Facts of the case are that a person named Lokumal was employed by the State of Rajasthan as a temporary driver for a Government car. After the completion of the repairs for car, during his return from the workshop, he knocked down a citizen named Jagdishlal (Plaintiff). Jagdishlal was severely injured and he died subsequently.

The plaintiff’s wife (widow) named Vidyawati and her minor daughter, through her mother as next friend, sued Lokumal and the State of Rajasthan for the relief.

Supreme Court held that the State was liable to pay the damages incurred as the act of driver was not a sovereign function.

  • Kasturilal Ralia Ram v. State of UP

Facts of this case are that the Plaintiff was arrested by the UP police officers on suspicion of having stolen property. On further investigation a huge quantity of gold was found and the same was seized by the police officials. Finally, he was released, but the gold was not returned to him as the Head Constable in charge of the malkhana absconded with the gold.  The Plaintiff then sued the State of UP to return his gold or to pay damages for the same.

Supreme Court said that, it is the negligence of the police officers in dealing with the Plaintiff’s property and is violative of the UP Police Regulations.

But the court finally contended that the State is not liable to pay because the police officers acted negligently while they are executing their duty in arresting a person. These powers like arresting a person and seizing property are sovereign powers. The contention of the Supreme Court was based on the statutory power and the act done in exercise of the sovereign function.

  • Nilabati Behera v. State of Orissa

In this case, Smt. Nilabati Behera, Plaintiff sent a letter to the Supreme Court stating that her 20 year-old son named Suman Behera died under police custody after being severely injured.  The Petitioner claimed compensation for the violation of her son’s right under Article 21. Police had arrested him for theft and he was detained at a police outpost. On the very next day, his dead body was found near the railway track. The Plaintiff strongly claimed that his death was the result of injuries inflicted by police.

The Supreme Court stated that there is no evidence regarding the search by the police for Suman Behera. There could also have been a possibility where the police reached much later to take charge of the body when the police were informed by the railway men. Doctor also attested that the injury on the body of deceased was due to a blunt object which may be a lathi. Finally, the State of Orissa was sued to provide compensation of Rs.1,50,000 to the petitioner and Rs.10,000 to the Supreme Court’s Legal Aid Committee. The Supreme Court also ordered the State of Orissa to commence criminal proceedings against the persons who killed Suman Behara.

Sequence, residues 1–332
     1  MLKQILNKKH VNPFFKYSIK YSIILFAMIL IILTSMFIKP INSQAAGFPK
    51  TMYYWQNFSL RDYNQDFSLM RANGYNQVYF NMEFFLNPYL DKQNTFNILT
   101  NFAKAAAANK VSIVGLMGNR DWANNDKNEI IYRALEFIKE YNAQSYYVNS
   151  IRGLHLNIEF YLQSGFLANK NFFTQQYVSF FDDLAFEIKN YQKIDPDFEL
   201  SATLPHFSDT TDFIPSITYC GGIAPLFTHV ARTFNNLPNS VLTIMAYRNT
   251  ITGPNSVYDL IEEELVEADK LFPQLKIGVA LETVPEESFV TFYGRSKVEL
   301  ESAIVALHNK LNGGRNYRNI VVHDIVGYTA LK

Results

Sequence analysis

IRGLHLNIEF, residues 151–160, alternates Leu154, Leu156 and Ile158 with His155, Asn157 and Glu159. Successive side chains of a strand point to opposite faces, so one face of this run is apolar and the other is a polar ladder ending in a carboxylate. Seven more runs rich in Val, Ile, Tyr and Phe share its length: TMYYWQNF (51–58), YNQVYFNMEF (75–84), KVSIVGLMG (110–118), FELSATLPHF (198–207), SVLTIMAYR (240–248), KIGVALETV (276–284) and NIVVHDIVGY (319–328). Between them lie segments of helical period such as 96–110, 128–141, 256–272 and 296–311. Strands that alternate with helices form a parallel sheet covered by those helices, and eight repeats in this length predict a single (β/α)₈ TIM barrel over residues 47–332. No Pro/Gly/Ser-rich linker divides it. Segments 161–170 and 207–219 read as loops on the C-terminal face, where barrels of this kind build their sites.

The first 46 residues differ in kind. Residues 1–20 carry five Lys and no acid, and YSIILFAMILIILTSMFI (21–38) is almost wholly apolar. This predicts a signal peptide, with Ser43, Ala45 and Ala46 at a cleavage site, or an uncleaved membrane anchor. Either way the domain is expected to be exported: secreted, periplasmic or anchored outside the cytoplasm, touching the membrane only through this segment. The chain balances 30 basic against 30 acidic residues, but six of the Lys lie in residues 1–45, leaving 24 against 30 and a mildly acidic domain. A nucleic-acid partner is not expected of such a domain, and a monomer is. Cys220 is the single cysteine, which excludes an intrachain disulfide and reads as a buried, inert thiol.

Conclusion

Before 1858, there was no legislation regarding the liability of Government for the wrongful acts of its subjects.  The decision taken to formulate legislation for this purpose is indeed superior. As our nation is a sovereign, secular and democratic nation, this legislation should be there in order to protect all the above said words.

It can be noted that the theory of constitutional tort is a revolutionary jurisprudence established by the courts given the reality that, in the past, the criteria encountered various critiques. A scientific criterion for future cases must evolve at the Apex Court. The U.S. “voting right model” can be introduced to assess the costs of proceedings under Constitutional Tort to prohibit the individual from violating their rights by statute.

Author: Chidige Sai Varnitha from Damodaram Sanjivayya National Law University.

Editor: Avani Laad from Symbiosis Law School, Pune.